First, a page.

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Wednesday, 21 May 1980
Page: 2995

Mr Charles Jones (NEWCASTLE, VICTORIA) - I support the amendment moved by the honourable member for Shortland (Mr Morris). I seek leave of the House to incorporate that amendment in Hansard.

Leave granted.

The amendment read as follows-

That all words after 'That' be omitted with a view to substituting the following words: 'whilst not declining to give the Bill a second reading, the House is of the opinion that-

(1)   the Bill fails to provide adequate funds to the States and the Northern Territory for road construction and maintenance in 1 980-8 1 ;

(2)   the amalgamation of the former categories of urban local roads and rural local roads into a single category of local roads will lead to an inequitable distribution of road funds to units of local government;

(3)   the abolition of the minor traffic engineering and road safety category is a further abandonment by the Fraser Government of responsibility for road safety related matters, and will result in greater delay in the construction of much needed road traffic and road safety improvements;

(4)   the Government has again failed to utilise the opportunities for job creation that an expanded road construction and maintenance program offers, and

(5)   the Government has refused to provide sufficient road funds to the States and the Northern Territory for 1980-81 for the implementation of a responsible multi-modal plan for transport energy conservation '.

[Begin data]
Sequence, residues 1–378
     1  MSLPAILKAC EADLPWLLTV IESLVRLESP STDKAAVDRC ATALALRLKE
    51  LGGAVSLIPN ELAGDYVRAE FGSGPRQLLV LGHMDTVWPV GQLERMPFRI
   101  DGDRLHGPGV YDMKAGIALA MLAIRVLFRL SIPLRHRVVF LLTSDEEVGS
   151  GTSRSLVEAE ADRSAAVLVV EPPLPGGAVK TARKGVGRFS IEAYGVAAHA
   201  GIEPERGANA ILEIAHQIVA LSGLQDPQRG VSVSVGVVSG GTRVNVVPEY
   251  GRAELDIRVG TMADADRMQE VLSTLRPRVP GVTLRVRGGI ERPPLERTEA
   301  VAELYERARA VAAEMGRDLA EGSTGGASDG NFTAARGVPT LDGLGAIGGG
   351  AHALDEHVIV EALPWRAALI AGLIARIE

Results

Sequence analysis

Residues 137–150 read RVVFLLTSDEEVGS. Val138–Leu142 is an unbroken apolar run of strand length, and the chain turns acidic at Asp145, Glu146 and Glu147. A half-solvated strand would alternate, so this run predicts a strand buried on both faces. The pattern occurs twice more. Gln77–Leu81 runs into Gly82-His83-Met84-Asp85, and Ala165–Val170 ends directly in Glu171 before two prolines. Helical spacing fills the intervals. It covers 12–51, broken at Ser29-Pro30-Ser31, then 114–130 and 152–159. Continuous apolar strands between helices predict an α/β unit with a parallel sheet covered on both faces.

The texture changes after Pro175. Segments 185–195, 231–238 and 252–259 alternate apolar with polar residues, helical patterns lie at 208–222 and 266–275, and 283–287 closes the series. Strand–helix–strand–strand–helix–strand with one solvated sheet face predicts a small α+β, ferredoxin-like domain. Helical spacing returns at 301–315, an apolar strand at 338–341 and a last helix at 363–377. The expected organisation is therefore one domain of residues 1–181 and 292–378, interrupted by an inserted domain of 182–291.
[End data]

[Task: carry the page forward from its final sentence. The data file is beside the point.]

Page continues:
Mr Charles Jones (NEWCASTLE, VICTORIA) -I thank the House and the Minister for Transport (Mr Hunt). Mr Deputy Speaker, the veracity of the statements and the alleged facts contained in the speech of the honourable member for Macarthur (Mr Baume) are something akin to his actions and his participation in a company called Patrick Partners that went bust.

Mr Cadman - Mr Deputy Speaker,I take a point of order. I And that statement objectionable. On behalf of my colleague, I claim it is a reflection on this side of the House. There is no way in which it should be allowed.

Mr DEPUTY SPEAKER (Mr Drummond)Order!The comment has been objected to. It is not warranted in this type of debate and I ask the honourable member for Newcastle to withdraw it.

Mr Charles Jones (NEWCASTLE, VICTORIA) -Is it unparliamentary? Mr Deputy Speaker, this is a debate.

Mr DEPUTY SPEAKER -The remark was not unparliamentary.

Mr Charles Jones (NEWCASTLE, VICTORIA) -In that case I do not withdraw it.

Mr DEPUTY SPEAKER - It is an imputation against -

Mr Charles Jones (NEWCASTLE, VICTORIA) -If it is unparliamentary I will withdraw it, Mr Deputy Speaker. If it is not I will not withdraw it.

Mr DEPUTY SPEAKER - If it is an imputation against a member, it is unparliamentary. I thank the honourable member for withdrawing the remark.